Solving engine icing

One hurdle has been the inability to accurately model partially melted ice crystals

In a freezer room on the campus of Penn State University, a partially melted ice crystal levitates motionless on acoustic waves. Green laser light bathes the crystal to distinguish the liquid exterior from its icy core. On command, an air gun pushes a stainless steel rod toward the crystal at 100 meters per second down a barrel that stops the rod at the moment of impact. The result? The crystal shatters, and specks of ice fuse to the tip of the rod, just as they would if the crystal smacked into a surface inside a jet engine. A high-speed camera records everything for the research team.

This method of capturing a host of characteristics about partially melted ice crystals, from their ice content to how they fracture and splash, was described to me by Jose Palacios, assistant professor of aerospace engineering and head of the aircraft icing research team at Penn State. The team plans to continue gathering data this way through September.

The technique is emerging as a possible linchpin in U.S. efforts to solve the rare but potentially fatal problem of high-altitude engine icing. That happens when a jet cruising in the seemingly clear air around major thunderstorms ingests a high volume of a particular kind of ice crystal that’s prone to partially melting and refreezing. The plane’s radar can’t see these crystals, and the pilot may not immediately notice them bouncing off the exterior like grains of sand no more than 1 millimeter across.

Inside the jet’s engines, though, warm air partially melts the crystals before they strike the surfaces of the compressor located before the combuster. The sheer volume of these partially melted crystals cools these surfaces below freezing, causing the drops to accumulate, or accrete, in the form of ice. Chunks as large as a few pounds can build up and break off and snuff combustion or damage the engine. Since 2015, the phenomena has caused a combined 162 cases of either complete engine flameout or stalling, a temporary loss of power due to restricted airflow, and damaged compressors, according to data gathered by Boeing. So far, no crashes have resulted. Right now, pilots cope by flying around huge swaths of weather that might or might not lead to icing. Engine stalls typically last less than a few seconds, but when flameouts occur, as a last resort pilots can descend to 10,000 feet where the ice melts and the pilots can restart their engine or engines.

Researchers want to solve the icing problem before luck runs out. Engineers have over the years made minor modifications to in-service engines to cope with icing. In 2015 GE ordered modifications to some of its engines on Boeing 787s and 787-8s — software to better detect the icing in the engines and to open a duct that ejects ice from the center of the engine, changes to the shape of the housing for a temperature sensor in the air flow path where ice would build up, and new compressor blades and inlet vanes. One hurdle to more progress has always been a lack of knowledge about the precise characteristics of the partially melted ice crystals that are most prone to causing dangerous accretion. Without that data, computer models can’t precisely predict the weather conditions that will cause the kind of crystals that turn into dangerous drops or tell engineers how best to design new engines that will defeat the icing.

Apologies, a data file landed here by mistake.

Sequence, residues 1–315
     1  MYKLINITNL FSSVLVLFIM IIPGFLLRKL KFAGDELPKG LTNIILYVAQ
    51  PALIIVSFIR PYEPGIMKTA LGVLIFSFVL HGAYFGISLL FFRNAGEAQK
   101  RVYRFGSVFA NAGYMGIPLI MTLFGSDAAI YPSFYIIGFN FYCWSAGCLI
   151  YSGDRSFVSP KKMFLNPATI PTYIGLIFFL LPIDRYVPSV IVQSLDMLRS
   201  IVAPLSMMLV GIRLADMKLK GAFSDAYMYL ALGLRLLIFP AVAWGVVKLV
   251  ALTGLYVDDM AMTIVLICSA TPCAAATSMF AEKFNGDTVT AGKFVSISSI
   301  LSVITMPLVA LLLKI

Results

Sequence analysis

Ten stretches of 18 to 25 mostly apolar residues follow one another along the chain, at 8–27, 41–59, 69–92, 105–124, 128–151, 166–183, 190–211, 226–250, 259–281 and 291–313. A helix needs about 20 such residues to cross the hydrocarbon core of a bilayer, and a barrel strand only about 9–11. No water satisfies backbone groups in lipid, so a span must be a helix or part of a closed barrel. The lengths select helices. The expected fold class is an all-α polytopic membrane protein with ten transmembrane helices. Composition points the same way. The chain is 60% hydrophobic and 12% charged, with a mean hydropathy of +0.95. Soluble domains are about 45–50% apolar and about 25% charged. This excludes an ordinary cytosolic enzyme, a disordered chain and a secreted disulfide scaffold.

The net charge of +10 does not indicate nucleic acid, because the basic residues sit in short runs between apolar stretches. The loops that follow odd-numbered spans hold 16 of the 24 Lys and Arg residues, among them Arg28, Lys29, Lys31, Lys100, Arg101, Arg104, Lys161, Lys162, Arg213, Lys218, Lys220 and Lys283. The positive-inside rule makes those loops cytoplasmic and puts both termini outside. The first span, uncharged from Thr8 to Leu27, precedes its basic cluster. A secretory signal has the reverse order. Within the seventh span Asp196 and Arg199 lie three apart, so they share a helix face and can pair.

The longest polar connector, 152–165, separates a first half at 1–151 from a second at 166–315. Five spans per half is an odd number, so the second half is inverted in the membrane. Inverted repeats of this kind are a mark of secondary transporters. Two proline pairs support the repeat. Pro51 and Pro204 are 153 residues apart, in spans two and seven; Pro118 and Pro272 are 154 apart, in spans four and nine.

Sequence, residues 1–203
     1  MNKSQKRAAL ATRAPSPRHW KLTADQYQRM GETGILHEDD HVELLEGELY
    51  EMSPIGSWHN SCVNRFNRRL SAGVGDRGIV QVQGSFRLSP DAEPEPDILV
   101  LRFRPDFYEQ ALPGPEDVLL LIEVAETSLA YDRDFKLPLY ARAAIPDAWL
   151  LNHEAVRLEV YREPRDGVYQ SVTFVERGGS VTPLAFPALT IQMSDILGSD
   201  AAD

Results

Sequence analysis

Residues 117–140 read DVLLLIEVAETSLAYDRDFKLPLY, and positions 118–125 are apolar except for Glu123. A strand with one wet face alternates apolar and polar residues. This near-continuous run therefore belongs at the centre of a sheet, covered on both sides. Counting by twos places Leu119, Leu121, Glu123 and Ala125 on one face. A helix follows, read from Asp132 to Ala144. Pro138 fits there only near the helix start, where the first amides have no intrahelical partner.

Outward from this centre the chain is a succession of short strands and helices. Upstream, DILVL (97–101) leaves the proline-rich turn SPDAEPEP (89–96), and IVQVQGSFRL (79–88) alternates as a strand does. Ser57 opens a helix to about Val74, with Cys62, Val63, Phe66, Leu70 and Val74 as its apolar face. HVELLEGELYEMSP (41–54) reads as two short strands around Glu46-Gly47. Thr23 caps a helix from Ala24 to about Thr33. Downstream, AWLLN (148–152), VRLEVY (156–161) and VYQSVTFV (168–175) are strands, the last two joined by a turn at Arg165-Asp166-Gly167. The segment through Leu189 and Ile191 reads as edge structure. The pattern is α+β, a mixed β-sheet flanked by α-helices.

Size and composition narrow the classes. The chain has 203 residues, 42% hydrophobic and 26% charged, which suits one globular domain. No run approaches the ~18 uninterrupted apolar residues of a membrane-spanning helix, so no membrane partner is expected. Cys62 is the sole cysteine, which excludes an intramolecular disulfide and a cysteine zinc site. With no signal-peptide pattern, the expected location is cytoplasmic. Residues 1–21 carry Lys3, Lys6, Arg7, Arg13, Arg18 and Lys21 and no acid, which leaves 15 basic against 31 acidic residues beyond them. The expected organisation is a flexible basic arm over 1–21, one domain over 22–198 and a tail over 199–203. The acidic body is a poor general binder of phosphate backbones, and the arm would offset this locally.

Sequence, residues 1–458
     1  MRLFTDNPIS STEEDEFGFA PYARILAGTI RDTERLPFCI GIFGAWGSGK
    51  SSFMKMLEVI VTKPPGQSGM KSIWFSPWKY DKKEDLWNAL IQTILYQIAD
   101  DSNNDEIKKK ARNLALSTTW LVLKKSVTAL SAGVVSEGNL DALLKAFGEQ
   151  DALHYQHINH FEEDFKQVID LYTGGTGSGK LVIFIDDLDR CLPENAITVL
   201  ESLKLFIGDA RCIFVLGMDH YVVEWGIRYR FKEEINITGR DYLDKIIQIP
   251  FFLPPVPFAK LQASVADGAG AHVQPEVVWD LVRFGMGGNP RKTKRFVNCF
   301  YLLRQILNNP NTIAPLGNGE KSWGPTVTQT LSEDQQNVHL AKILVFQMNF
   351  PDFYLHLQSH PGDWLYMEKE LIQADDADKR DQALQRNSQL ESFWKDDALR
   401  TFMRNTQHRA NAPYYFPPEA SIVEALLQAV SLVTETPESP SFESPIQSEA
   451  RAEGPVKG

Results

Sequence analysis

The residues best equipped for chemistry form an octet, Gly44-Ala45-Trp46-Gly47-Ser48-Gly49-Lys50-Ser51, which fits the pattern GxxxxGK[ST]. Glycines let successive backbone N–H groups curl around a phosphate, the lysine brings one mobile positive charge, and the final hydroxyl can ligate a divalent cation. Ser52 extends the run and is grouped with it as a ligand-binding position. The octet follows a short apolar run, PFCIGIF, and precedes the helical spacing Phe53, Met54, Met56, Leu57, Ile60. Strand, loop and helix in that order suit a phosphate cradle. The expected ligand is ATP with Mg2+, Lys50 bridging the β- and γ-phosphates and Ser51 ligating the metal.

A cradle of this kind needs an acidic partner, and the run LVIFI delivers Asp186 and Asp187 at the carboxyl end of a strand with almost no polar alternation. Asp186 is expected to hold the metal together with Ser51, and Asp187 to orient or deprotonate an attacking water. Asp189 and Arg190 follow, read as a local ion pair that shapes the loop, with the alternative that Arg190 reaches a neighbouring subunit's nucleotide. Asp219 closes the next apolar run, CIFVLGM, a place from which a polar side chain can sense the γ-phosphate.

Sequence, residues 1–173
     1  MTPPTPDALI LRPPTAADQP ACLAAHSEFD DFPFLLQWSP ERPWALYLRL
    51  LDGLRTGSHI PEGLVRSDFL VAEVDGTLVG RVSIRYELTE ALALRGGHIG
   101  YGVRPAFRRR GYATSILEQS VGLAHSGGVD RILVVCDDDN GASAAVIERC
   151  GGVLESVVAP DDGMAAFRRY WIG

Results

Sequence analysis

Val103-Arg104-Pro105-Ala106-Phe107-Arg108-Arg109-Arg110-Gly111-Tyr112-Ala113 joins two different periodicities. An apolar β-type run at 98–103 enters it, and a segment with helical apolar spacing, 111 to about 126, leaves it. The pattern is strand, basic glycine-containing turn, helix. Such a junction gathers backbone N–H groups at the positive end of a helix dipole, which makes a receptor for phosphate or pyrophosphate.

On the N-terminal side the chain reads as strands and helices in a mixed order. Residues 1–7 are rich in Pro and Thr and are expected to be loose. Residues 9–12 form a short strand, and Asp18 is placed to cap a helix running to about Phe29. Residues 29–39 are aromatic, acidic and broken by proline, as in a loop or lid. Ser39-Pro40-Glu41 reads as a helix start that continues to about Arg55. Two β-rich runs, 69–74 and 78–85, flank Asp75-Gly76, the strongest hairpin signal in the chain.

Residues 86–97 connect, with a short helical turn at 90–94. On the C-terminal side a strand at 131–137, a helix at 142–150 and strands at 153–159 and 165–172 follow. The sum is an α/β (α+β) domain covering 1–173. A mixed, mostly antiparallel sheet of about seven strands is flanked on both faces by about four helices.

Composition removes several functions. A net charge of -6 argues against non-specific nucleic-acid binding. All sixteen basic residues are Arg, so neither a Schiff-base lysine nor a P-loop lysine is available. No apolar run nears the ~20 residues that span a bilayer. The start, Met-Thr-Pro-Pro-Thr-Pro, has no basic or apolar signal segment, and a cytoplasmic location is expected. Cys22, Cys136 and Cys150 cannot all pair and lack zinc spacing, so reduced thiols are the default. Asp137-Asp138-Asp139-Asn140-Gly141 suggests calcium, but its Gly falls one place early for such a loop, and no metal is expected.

This is the story of how the Penn State team came up with a measurement technique that could clear the way for more anti-icing innovations to come.

Building a model

The Penn State researchers were motivated by a desire to help NASA run its high-altitude icing wind tunnel experiments with maximum accuracy when testing engine components. In a series of modifications from 2012 to 2015, NASA upgraded test chambers at the Propulsion Systems Laboratory at the Glenn Research Center in Ohio to replicate the low temperature and pressure conditions of high-altitude icing. The trouble is, turning on the nozzles to spray liquid droplets changes the temperature and humidity as the droplets partially freeze before hitting their test surfaces, which could be ducts or the non-moving blades in the compressor section. That makes it especially difficult to set the exact conditions to create partially frozen ice crystals with a specific ice-liquid ratio that hit the surface at a speed typically between 85 and 135 meters per second, says Tadas Bartkus, a senior research associate with the icing branch of the Ohio Aerospace Institute, a NASA contractor.

It’s a tricky environment for the researchers to set up correctly. “In general, you see a one- to two-degree change and you think it’s not that big a deal. But not when it comes to icing.”

Bartkus needed to verify the accuracy of a computer model he created to predict the complex interactions in the icing wind tunnels. If he could make the model accurate enough, testers could calculate the wind tunnel conditions they would need at the beginning of the test to arrive at the conditions they wanted at the end. So NASA asked the Penn State team to assist Bartkus. He needed test data on partially melted ice crystals to help verify assumptions in the computer model about how long it takes them to melt at specific temperatures and how that time changes for different crystal sizes.